Comments and answers for "Math Genius NEEDED! Algorithm problem with parabola"
http://answers.unity.com/questions/1382704/math-genius-needed-algorithm-problem-with-parabola.html
The latest comments and answers for the question "Math Genius NEEDED! Algorithm problem with parabola"Comment by Yoshinator2 on Yoshinator2's comment
http://answers.unity.com/comments/1383444/view.html
if you wouldnt mind taking a crack at my next problem..
http://answers.unity3d.com/questions/1383443/local-quaternion-vs-global-quaternion-ive-been-wor.htmlMon, 24 Jul 2017 03:52:17 GMTYoshinator2Comment by Yoshinator2 on Yoshinator2's comment
http://answers.unity.com/comments/1383071/view.html
You are amazing. Thank you SO much!!!!!!!!!!!!!!Sun, 23 Jul 2017 05:23:49 GMTYoshinator2Comment by Bunny83 on Bunny83's comment
http://answers.unity.com/comments/1383035/view.html
ps: decompose means if you have a power of "3.2" it would have to split that power into "3" and "0.2". It can then do a simple integer power with the 3 and in addition calculate the 5th root of the base ((1 / 0.2) --> 5th root). As you might know multiplying two numbers with the same base but different exponent is the same as when you just add the two exponents together. So `(B^x * B^y)` is the same as `B^(x+y)`.Sun, 23 Jul 2017 02:53:20 GMTBunny83Comment by Bunny83 on Bunny83's comment
http://answers.unity.com/comments/1383034/view.html
Yes, about a factor of "10". First of all $$anonymous$$athf.Pow is (like almost all methods of $$anonymous$$athf) just a wrapper for System.$$anonymous$$ath.Pow just casted to float. All System.$$anonymous$$ath methods work with double. It's literally defined as:
public static float Pow(float f, float p)
{
return (float)$$anonymous$$ath.Pow((double)f, (double)p);
}
Though the slight casting overhad is not the worst. A simple native floating point multiplication will be carried out directly inline by FPU opcodes while Pow is an actual method call. The main problem is that Pow does work with non-integer powers as well. That means the method has to decompose the power into an integer part and a fractional part.
I ran a quick test and did 1$$anonymous$$ Pow with "2" as power in a loop and it took 733k ticks on my machine. By doing a simple "manual square" (i.e. "x * x") it took only 66k ticks. It roughly translated to about 70 ms vs 6 ms.Sun, 23 Jul 2017 02:42:19 GMTBunny83Comment by ShadyProductions on ShadyProductions's answer
http://answers.unity.com/comments/1382988/view.html
Is there a disadvantage for using `$$anonymous$$athf.Pow(v_, 2)` ins$$anonymous$$d of `(v_ * v_)` for a simple power?Sat, 22 Jul 2017 23:55:11 GMTShadyProductionsAnswer by Bunny83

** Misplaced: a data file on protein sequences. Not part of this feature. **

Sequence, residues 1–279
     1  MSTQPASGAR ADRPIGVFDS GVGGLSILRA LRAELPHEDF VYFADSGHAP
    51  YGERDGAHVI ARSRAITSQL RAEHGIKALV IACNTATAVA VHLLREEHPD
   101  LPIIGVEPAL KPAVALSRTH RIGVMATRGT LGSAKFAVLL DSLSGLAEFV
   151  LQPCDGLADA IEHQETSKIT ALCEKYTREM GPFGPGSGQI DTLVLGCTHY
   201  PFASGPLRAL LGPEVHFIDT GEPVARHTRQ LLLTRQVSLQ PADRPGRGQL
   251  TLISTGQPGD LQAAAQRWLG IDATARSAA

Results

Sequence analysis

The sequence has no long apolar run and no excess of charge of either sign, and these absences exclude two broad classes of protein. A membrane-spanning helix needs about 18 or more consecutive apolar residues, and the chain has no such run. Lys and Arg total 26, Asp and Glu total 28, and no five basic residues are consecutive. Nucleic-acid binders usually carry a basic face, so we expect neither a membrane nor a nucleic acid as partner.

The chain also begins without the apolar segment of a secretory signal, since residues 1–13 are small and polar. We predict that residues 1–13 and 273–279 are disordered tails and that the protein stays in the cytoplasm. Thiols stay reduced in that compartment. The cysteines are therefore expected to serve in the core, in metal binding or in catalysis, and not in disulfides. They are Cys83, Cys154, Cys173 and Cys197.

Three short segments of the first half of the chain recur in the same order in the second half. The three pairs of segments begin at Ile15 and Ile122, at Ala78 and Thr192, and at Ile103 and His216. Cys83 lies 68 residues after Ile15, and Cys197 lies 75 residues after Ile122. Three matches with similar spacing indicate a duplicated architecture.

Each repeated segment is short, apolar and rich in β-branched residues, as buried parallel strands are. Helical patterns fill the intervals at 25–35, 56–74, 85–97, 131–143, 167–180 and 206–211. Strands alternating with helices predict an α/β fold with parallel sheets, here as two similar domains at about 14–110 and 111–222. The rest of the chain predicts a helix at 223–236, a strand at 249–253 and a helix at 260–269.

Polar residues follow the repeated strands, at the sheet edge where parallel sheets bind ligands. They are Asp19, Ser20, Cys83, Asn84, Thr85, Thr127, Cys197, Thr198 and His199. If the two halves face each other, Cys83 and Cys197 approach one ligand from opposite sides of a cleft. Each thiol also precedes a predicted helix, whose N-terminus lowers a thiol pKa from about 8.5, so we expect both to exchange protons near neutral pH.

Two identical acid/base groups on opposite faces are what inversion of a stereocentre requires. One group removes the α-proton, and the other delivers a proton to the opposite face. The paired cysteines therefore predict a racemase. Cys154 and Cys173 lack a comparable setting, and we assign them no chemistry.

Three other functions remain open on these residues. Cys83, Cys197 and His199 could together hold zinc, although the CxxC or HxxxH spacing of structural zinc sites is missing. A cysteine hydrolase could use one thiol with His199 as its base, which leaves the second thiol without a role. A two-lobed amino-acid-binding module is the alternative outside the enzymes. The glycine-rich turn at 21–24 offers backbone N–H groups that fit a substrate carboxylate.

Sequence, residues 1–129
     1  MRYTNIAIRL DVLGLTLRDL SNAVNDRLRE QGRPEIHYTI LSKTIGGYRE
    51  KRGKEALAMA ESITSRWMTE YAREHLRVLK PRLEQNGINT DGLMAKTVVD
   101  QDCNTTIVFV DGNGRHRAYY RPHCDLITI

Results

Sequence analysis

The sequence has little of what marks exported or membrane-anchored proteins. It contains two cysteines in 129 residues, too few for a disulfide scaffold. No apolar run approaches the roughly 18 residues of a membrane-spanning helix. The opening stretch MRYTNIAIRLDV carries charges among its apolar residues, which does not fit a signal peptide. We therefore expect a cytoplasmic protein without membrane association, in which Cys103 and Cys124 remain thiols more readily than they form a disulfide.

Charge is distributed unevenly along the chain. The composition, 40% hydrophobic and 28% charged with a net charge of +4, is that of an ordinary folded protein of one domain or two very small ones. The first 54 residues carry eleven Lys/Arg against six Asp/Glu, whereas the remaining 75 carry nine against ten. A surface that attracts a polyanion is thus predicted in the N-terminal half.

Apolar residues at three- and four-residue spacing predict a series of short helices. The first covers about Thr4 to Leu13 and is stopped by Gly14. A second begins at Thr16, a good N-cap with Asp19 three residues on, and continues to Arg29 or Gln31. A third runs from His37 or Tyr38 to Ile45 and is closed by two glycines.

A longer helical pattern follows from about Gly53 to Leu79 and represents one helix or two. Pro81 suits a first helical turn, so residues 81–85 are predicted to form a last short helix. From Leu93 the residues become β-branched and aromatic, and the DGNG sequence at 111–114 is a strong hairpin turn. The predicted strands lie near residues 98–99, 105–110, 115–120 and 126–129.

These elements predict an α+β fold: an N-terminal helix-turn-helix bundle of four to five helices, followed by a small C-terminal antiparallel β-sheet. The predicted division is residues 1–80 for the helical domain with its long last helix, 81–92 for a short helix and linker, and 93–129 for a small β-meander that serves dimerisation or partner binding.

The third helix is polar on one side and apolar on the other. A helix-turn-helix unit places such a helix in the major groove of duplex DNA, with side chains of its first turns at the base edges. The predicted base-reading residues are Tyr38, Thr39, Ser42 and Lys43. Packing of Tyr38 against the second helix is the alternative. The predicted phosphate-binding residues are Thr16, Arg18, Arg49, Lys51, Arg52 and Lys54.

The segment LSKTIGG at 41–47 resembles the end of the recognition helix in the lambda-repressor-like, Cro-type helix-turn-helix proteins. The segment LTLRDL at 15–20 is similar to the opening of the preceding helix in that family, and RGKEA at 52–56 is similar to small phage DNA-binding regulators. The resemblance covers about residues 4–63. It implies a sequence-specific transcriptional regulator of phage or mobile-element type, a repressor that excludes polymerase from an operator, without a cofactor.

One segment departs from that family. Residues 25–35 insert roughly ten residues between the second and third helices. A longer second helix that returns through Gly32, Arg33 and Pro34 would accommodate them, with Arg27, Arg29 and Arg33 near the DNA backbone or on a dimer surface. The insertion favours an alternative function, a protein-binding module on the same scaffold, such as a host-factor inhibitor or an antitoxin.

http://answers.unity.com/answers/1382942/view.html
Well first of all "g" should be the value of the acceleration. This should be positive. There is no direction information in a single value. You seem to use the y component of the Physics gravity vector which is usually negative.
Next thing is the formula you use only works when both your firePoint as well as your target are on the exact same height. Also keep in mind when you rely on Unity's physics engine for the actual simulation that this assumes no drag at all.
You also need to check if the term inside ASin is not lower than "-1" or greater than "1", In that case the target can't be reached at all. Also ASin would return a NaN in that case.
If the height of the two points can be different you have to use [this one][1] instead. Of course here a similar check has to be done. You can only reach the target when the root has a real value (i.e. the value inside the root has to be 0 or positive). If the root is a complex root the target can't be reached,
Finally what do you actually pass to your "Fire" method? Currently you pass the distance between you and the target. Shouldn't you somehow pass the angle?
ps: Never use "pow" for simple powers. This `(Mathf.Pow(v_, 2))` should be simply
`(v_ * v_)`
[1]: https://en.wikipedia.org/wiki/Trajectory_of_a_projectile#Angle_.7F.27.22.60UNIQ--postMath-00000010-QINU.60.22.27.7F_required_to_hit_coordinate_.28x.2Cy.29Sat, 22 Jul 2017 20:54:05 GMTBunny83Comment by Bobtown
http://answers.unity.com/comments/1382928/view.html
Your angle seems to be calculated correctly, unless the firePoint and target are in different elevations (different z values). The formula you use is correct, but only for objects of the same elevation. $$anonymous$$aybe the problem is with your obj.Fire function?Sat, 22 Jul 2017 20:12:14 GMTBobtown